Chapter Two of The Now Revolution is thought provoking for a lot of reasons. I wouldn’t say that any of the thoughts that I have rolling around in my head are “bad,” but there are some things that I would love to converse with you about. There are also some wonderful things about the chapter that I’m going to share right…now!
Talent You Can Trust
The main core of this chapter is how a company can hire people to imbibe the corporate culture and also move out into the “now” world. Amber and Jay do a great job of detailing this information, including an EXCELLENT recommended series of job interview questions (another actionable item).
The best point in the chapter to me rings true because of the experience of my poor, putrid Cleveland Cavaliers basketball team. The coaches and owners of the Cavs brought in one superstar – LeBron James. He could do everything that Jay and Amber talk about. He could support all of the positions, he could pass, he could shoot (*cough* except against the Celtics in the playoffs) and he could motivate his teammates. Awesome, right?
Well, over time, LeBron became the Cavs. We had other players but they were always in a supporting role. Heck, even our coaches were in supporting roles. When LeBron broke up with the cities of Akron and Cleveland on national television, leaving a gaping hole in our hearts in our team, he created a vacuum that has yet to be filled.
The same can be true if you hire a single Social Media superstar for your company. If they leave without having shared their methodologies and your company’s culture, you’re going to be starting from scratch. And as my Cavs can tell you, that can be a horribly disgusting process.
As you might imagine, this chapter presents this information in a slightly different manner, but it’s a point well made.
How can you be the talent that is sought?
One really interesting thing about this chapter that I haven’t seen anywhere else that I can think of is that it can also serve as an excellent guide for people seeking jobs in this new environment. The advice that this chapter offers regarding how to find talent using Social Graphs, Facebook, Blogs, LinkedIn, and Twitter can be turned around as things to keep in mind if you are looking for a job or think you might at some point in the future. I was totally fist pumping in the Facebook section – words of wisdom about acting professionally on Facebook, even when you think no one but your friends can see what you’re saying, are far too rare in this space.
Other random stuff I liked
When I saw a mention of Frank Eliason, I thought, “Oh lordy, do I have to read this whole story again? Don’t authors in this space read each others’ books?”
Yes, apparently Jay and Amber do. They assume that you know the Comcast story.
They also assume that you know what Twitter, LinkedIn, and Facebook are, and they seem to assume that you also have some idea of how to use them. These things are appreciated, for my part.
A couple of things I’m wondering about
There are two main things I find slightly disconcerting about this chapter, and both probably have a fair amount to do with my own personal bias.
First, there was not really a lot of attention paid to the idea of consultants, agencies, or other outside personnel. I find this interesting and would like to know the rationale behind this. Factually, a lot of companies right now, it seems, are relying on Social Media superstars (see above risks) or are assuming that agencies and the marketing people can’t digest the culture enough to do everything Amber and Jay talk about. While the chapter does bring home the message of inter-departmental integration (yay!), the chapter seems to assume that you’re going to be hiring everyone you’re working with.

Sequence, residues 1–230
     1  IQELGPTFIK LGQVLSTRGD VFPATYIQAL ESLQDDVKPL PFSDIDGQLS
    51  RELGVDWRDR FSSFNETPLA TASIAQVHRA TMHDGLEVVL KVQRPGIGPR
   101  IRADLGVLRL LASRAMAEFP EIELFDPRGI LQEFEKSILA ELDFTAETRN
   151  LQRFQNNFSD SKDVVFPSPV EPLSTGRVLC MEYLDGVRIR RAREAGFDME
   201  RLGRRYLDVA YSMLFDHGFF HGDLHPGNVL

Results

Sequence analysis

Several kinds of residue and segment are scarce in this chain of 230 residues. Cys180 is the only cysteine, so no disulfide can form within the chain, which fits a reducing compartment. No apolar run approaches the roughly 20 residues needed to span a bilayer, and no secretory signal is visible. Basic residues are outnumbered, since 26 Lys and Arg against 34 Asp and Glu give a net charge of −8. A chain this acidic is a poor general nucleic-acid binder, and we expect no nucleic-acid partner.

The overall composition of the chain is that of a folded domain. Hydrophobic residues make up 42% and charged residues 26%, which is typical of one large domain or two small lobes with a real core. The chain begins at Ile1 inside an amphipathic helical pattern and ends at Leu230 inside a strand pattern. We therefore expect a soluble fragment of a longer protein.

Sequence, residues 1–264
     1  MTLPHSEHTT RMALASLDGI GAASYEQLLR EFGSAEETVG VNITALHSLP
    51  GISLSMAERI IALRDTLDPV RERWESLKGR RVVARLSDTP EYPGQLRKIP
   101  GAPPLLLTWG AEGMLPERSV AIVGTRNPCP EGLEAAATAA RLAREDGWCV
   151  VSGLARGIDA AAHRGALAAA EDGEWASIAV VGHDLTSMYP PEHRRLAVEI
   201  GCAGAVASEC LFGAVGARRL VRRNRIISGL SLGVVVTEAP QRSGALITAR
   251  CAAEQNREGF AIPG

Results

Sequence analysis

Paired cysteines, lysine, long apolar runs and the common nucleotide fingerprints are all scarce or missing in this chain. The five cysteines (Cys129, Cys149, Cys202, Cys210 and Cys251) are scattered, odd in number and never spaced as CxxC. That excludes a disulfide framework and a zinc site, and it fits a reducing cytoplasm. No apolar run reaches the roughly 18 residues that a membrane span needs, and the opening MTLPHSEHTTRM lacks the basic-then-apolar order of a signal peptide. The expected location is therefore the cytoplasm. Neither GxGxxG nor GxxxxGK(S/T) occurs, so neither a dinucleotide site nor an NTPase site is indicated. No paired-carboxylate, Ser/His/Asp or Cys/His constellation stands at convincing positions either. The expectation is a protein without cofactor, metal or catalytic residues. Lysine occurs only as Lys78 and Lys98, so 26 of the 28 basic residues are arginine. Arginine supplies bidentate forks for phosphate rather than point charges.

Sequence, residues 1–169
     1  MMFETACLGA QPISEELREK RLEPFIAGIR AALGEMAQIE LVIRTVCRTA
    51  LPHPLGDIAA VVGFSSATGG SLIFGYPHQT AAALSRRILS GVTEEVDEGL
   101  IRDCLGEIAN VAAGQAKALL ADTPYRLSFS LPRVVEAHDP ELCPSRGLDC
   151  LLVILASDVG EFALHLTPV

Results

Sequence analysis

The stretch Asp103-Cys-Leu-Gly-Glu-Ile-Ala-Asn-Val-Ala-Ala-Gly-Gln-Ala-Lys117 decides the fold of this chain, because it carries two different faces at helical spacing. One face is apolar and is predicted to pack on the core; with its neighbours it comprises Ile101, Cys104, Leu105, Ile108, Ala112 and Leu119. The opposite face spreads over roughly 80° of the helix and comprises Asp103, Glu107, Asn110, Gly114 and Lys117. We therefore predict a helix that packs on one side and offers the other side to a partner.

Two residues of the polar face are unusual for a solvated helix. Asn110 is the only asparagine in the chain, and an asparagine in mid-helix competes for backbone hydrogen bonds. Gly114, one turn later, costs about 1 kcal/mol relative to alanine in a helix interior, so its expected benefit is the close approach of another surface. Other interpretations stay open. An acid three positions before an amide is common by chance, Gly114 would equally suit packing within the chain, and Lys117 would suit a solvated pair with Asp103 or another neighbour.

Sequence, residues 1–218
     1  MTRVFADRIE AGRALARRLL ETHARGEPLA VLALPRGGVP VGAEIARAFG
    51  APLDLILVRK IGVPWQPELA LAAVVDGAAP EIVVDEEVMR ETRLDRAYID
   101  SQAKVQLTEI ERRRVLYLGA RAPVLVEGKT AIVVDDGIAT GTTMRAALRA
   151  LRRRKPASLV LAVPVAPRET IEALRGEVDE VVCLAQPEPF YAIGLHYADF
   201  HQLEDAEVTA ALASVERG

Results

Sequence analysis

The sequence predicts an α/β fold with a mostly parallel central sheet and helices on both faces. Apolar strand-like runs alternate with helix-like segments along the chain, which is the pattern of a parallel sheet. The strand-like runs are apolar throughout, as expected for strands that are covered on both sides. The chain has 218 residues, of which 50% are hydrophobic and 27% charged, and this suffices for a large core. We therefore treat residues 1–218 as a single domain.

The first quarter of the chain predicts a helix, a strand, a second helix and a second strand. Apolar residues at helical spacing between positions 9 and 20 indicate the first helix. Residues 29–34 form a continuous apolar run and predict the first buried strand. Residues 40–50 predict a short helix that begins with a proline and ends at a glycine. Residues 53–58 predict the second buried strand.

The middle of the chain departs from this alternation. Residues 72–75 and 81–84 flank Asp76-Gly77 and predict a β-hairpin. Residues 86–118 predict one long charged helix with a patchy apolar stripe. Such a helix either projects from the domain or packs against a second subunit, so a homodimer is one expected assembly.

I would venture to say that the job interview Jay and Amber present could also be a great guidepost for how to interview a marketing firm or a Social Media consultant, and I believe that an agency like the one I work for would perform better. I’m not sure Social Media “superstars” are into the culture thing – they seem more invested in offering advice that really could be shot at any kind of person or business, while an agency, as I’ve mentioned before, could be brought into the culture as if it was a many-headed employee.
I am also a bit concerned that this book may not necessarily be geared towards people like me. The language of hiring, replacing personnel, and posting your company’s mission seem directed specifically to the C-suite. Moreover, when Jay and Amber note typical compensation for Social Media Managers (the number $86,000 came from a 2009 research study, and by the way, women in the same capacity were at $75,000, hmm hmm hmm) it seems clear that the target demographic for this chapter, at least, is not the little guy.
I worry about this, because I think a lot of the knowledge in these first two chapters would actually be a lot more significant for a smaller company. Knowing how to create a culture and then maneuver Social Media to your advantage is something small companies must learn how to do. Companies that are already huge already have plenty going for them, and it will be more difficult for them to move with agility and flexibility, no matter how much advice they get.
I’m going to guess that this chapter was primarily written by Amber. Am I 0-2 now? I have no clue 🙂
Image by Stephen Davies. http://www.sxc.hu/profile/steved_np3